Revisionist hermeneutics can seem pretty silly when we consider who Jesus was. Jesus, a first-century Jewish theologian, would almost certainly have held the traditional Jewish belief about same-sex relationsthat is, he would have believed such sexual activity was sinful. Had Jesus departed significantly from Jewish tradition on this front, we can be sure that his disagreement would have been recorded . None of his biographers include a single instance of Jesus challenging the mainstream Jewish understanding of homosexuality, and Jesus more than once affirmed a male-female pattern of coupling as the proper domestic arrangement its safe to conclude, then, that Christ would have agreed with the Levitical assessment of homosexuality as a sin. Any confusion about this seems motivated by contemporary politics, not ancient history.
So, if Jesus would have been against homosexuality, then, at least for Christians, that ends the debate, right?
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What About Leviticus 1: 22
The next text typically cited on our subject is Leviticus 18:22, and it is far less ambiguous: Do not lie with a man as one lies with a woman that is detestable. The Hebrew is as clear as the English translation.
The obvious sense of the command seems to be: homosexual sexual relations are forbidden by Scripture. This is the way the text has typically been understood by Jewish and Christian interpreters across the centuries. It is the way most read the text still today.
But those who advocate homosexuality as an acceptable biblical lifestyle have found ways to dissent. Dr. Walter Wink admits that this text unequivocally condemn same-sex sexual behavior. But he theorizes that the ancient Hebrews saw any sexual activity which could not lead to the creation of life as a form of abortion or murder. He adds that the Jews would have seen homosexuality as alien behavior, representing yet one more incursion of pagan civilization into Jewish life.
And thats not all. Other critics see the Levitical laws as expressive of worship codes, not universal moral standards. And they argue that all such laws were intended only for their day and time, such as kosher dietary laws and harvest regulations.
How Should Christians Respond To Gay Friends Or Family Members
Biola Magazine Staff December 31, 2015
Kaltenbachs unique story is detailed in his new book Messy Grace: How a Pastor with Gay Parents Learned to Love Others Without Sacrificing Conviction and landed him on the front page of the New York Times in June. Biola Magazine reached out to him to talk about his book and his perspective on how Christians can better navigate the complexities of this issue with truth and grace.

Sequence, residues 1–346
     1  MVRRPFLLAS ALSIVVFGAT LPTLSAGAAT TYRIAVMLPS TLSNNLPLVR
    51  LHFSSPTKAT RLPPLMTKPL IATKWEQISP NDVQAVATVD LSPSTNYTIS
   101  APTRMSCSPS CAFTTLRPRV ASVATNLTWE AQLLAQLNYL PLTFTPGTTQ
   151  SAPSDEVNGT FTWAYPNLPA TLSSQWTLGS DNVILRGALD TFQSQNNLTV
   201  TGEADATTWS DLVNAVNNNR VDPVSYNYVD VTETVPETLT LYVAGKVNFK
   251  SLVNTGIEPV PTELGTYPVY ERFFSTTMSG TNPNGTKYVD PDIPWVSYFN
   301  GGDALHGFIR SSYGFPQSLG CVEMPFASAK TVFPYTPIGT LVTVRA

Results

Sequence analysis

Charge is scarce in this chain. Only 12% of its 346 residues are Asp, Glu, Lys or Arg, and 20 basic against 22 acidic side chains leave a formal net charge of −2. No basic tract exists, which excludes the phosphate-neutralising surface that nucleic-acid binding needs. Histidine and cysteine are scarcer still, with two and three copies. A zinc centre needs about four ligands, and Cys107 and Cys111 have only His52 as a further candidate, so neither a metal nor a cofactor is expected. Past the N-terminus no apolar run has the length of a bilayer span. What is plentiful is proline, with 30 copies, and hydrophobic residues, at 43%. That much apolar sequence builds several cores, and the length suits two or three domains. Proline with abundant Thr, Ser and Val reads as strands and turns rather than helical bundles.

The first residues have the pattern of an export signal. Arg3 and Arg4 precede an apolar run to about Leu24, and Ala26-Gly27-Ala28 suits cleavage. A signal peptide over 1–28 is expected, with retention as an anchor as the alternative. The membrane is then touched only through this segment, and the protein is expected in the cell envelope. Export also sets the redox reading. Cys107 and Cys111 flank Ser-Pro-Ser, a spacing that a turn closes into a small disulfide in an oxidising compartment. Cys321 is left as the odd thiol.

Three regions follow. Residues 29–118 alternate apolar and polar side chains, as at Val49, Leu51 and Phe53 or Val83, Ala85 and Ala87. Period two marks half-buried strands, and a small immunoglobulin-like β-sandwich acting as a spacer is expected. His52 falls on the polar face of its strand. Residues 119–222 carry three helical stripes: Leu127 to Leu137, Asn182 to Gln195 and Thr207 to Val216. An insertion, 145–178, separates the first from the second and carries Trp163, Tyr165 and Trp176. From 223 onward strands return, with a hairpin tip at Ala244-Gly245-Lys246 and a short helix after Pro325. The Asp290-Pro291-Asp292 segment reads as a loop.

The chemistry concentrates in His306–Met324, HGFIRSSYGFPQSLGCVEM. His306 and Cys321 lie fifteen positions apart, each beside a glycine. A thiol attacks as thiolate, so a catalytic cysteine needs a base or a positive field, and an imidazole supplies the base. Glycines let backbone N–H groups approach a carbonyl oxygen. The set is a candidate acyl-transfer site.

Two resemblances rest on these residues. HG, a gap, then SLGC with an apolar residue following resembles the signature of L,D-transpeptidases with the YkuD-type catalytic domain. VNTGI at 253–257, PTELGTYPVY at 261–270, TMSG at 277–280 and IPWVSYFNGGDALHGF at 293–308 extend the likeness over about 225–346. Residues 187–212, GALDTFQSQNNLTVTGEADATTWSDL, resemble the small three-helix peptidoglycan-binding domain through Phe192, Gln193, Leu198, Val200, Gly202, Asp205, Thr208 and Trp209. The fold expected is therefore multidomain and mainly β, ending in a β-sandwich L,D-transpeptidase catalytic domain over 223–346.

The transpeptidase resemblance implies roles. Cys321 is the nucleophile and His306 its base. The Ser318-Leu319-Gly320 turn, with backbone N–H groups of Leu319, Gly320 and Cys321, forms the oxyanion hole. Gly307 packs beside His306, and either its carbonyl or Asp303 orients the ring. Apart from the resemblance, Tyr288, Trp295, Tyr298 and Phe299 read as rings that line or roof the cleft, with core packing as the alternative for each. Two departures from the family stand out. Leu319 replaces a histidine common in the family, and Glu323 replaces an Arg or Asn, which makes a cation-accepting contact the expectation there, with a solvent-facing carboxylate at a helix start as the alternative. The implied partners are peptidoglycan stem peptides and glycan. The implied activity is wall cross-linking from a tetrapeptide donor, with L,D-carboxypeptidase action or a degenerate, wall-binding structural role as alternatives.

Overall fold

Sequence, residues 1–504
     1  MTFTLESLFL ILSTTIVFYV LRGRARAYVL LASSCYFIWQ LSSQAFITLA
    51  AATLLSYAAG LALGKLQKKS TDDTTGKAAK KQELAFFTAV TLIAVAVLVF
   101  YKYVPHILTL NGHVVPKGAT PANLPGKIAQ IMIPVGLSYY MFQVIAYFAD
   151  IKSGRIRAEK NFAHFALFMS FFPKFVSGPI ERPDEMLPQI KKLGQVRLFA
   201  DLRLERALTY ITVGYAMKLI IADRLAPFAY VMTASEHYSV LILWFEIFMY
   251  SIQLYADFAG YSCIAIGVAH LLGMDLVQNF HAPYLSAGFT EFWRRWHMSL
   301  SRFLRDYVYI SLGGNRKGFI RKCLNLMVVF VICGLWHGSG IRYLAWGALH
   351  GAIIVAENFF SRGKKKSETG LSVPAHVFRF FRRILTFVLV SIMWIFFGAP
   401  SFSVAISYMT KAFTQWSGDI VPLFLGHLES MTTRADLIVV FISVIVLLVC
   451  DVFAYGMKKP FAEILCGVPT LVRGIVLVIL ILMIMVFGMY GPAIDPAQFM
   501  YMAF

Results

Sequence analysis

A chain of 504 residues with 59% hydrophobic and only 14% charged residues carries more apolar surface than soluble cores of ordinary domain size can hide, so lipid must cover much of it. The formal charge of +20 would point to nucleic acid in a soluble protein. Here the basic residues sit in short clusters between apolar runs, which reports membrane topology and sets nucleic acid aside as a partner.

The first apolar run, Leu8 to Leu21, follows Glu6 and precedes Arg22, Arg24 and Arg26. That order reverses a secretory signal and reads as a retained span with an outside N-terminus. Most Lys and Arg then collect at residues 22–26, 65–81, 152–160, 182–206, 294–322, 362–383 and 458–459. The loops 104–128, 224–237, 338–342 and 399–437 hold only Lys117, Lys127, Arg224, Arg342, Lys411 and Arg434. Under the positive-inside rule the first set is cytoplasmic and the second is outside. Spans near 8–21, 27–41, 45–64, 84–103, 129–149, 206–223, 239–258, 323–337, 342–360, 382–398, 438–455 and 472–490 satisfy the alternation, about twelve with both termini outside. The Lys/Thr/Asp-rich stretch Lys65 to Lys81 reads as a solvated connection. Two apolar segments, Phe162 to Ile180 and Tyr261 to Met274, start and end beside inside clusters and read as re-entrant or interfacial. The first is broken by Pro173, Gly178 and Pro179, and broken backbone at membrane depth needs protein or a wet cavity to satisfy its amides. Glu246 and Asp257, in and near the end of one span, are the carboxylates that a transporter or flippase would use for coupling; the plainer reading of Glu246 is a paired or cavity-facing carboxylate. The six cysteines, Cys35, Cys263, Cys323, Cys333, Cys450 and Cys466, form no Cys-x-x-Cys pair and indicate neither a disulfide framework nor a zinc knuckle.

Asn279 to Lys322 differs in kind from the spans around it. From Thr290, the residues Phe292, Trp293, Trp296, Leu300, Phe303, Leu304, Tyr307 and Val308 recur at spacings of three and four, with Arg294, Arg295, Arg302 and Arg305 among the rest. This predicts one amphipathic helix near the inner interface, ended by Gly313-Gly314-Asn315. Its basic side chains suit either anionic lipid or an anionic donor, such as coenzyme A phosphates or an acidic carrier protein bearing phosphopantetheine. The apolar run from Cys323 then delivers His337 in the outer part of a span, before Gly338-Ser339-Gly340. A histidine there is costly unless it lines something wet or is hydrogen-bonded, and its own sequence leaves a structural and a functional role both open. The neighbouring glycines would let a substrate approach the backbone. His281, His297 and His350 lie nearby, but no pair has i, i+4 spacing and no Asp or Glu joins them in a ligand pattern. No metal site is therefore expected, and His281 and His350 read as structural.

In your book you say that its time for Christians to own the issue of homosexuality. What do you mean by this? How would you like to see this play out?
You challenge Christians to stop avoiding or merely tolerating LGBT people, but to engage in meaningful relationships with them. What should that look like?
You write that one definition of love is holding the tension of grace and truth. What do you mean by this and who do you think models this sort of love well?
What happens if our love is not accepted at all because we still hold to truth? What would you say to an LGBT person who argues that acceptance but not approval is not actually love? Isnt that the direction society is moving, that anything short of full approval is actually bigotry?
How should and how shouldnt Christians respond if someone in their life or church community confides in them about same sex attraction?
How should a Christian respond if invited to a same-sex marriage ceremony? Is attending a gay wedding a tacit affirmation of the sacredness of the vows being exchanged?
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The Plain Meaning Of Scripture
Most of the time, our problem with the Bible isnt trying to understand it, but trying to follow it in our daily lives. Love God and love your neighbour are simple and straightforward. But we keep on trying to obey, and keep on failing, and keep on throwing ourselves on Gods mercy.
Understanding is straightforward, doing is hard so hard we need grace.
Theres the grand protestant tradition of expecting everyone, not just priests or academics, to read scripture, relying on its plain meaning. And most of the time, that is right.
Most of the time but not every time.
If we apply our modern, cultural understanding of sexuality when we read the Bible it will mislead us.
Occasionally, we can get tripped up, and not even realise that how we understand the plain meaning of a passage is utterly different from what people in the first century would have understood to be the plain meaning.
What Else Does The Bible Say
For this reason God gave them up to vile passions. For even their women exchanged the natural use for what is against nature. Likewise also the men, leaving the natural use of the woman, burned in their lust for one another, men with men committing what is shameful, and receiving in themselves the penalty of their error which was due.
These three references indicate that homosexual passions and acts are unnatural, shameful, contrary to sound doctrine and deny entrance to the Kingdom of God. This being so they cannot be the basis of a Christian marriage sanctioned by Gods Church. The Church exists to save people, not to bless the means of their damnation. No marriage can be sanctioned by the Church if the very basis of the marriage involves acts that put the couple outside of eternal salvation. No matter what our society may legislate, the law of God is clearthat a marriage is not a godly if it is a same sex union.
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Homosexuality In The New Testament: Romans : 26